Jessica stares at Greg Andrews. Greg is captain of red team. They win the swimming and athletics carnival every year. Greg jumps the long pit every year as well. If they handed out gold medals at the school carnivals, Greg would need a big truck for the trip home.
I hate Greg Andrews.
Miss Withers paces at the front of the class and is talking about something but I’m all hung up on Jessica Lomas and her never-ending blond hair.
The rest of the class look at me, Miss Withers has caught me red-handed, I know she has asked me a question but what? I’m all embarrassed cause everyone’s looking at me as if I’m from a different planet. My face turns a reddish pink colour. I feel flushed. I want to go for a pee. Jessica Lomas looks at me. She is trying to tell me something. I watch her lips. Everything seems to be in slow motion. She is saying, say yes, say yes. I’m all fluttery cause Jessica is speaking to me. The meatball moves around inside my stomach. Jessica Lomas is trying to help me get out of trouble.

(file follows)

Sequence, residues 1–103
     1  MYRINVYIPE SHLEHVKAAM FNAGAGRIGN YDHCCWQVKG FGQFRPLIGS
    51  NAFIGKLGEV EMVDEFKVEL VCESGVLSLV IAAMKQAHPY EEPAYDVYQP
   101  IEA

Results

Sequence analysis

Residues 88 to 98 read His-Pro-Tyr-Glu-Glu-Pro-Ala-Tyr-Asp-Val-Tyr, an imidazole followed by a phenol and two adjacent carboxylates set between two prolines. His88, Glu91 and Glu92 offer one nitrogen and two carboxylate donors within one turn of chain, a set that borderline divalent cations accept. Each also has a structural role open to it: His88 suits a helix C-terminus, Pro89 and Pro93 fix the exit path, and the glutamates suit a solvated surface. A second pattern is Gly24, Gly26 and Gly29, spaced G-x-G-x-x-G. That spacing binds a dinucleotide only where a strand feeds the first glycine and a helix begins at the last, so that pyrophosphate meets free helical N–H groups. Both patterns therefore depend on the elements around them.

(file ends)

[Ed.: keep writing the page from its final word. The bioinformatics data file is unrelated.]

‘Yes Miss.’ I shout enthusiastically
All the kids roar with laughter. Jessica joins in and points at me like I’m an idiot. Meanwhile, Miss Withers is real mad and threatens the class with rubbish duty unless they shut up.
‘Silence. I will have silence, otherwise you will all be joining Sam on rubbish duty.’
The thought of picking up empty cans, sticky papers and half eaten pies didn’t excite me and it made everyone else shut up.
‘Now the class has settled down, do you think we can get on with the lesson?’ Miss Withers says with a real annoyed voice.
I feel relieved cause everyone has stopped gawking at me.
‘Oh before I forget, Sam, since you agreed, you will be on rubbish duty for the rest of the week. Maybe it will teach you to pay attention in the future.’
It now dawned on me the question Miss Withers had asked me. The words kept ringing in my ears, do you want to go on rubbish duty for the rest of the week. Now I know why Jessica Lomas told me to say yes. Now I’m stuck on scab duty for the rest of the week. That’s what we call rubbish duty, cause when you go around and pick up the rubbish everyone shouts out “Scab, Scab.”
It’s no good explaining to Miss Withers about my daydreaming problem. It’s like a disease to me. I can’t help it, my brain just does it. The class settles down and I keep my eyes pinned on Miss Withers. I don’t want any more scab duty. I keep out of trouble for the rest of the lesson until the bell rings and it’s home time.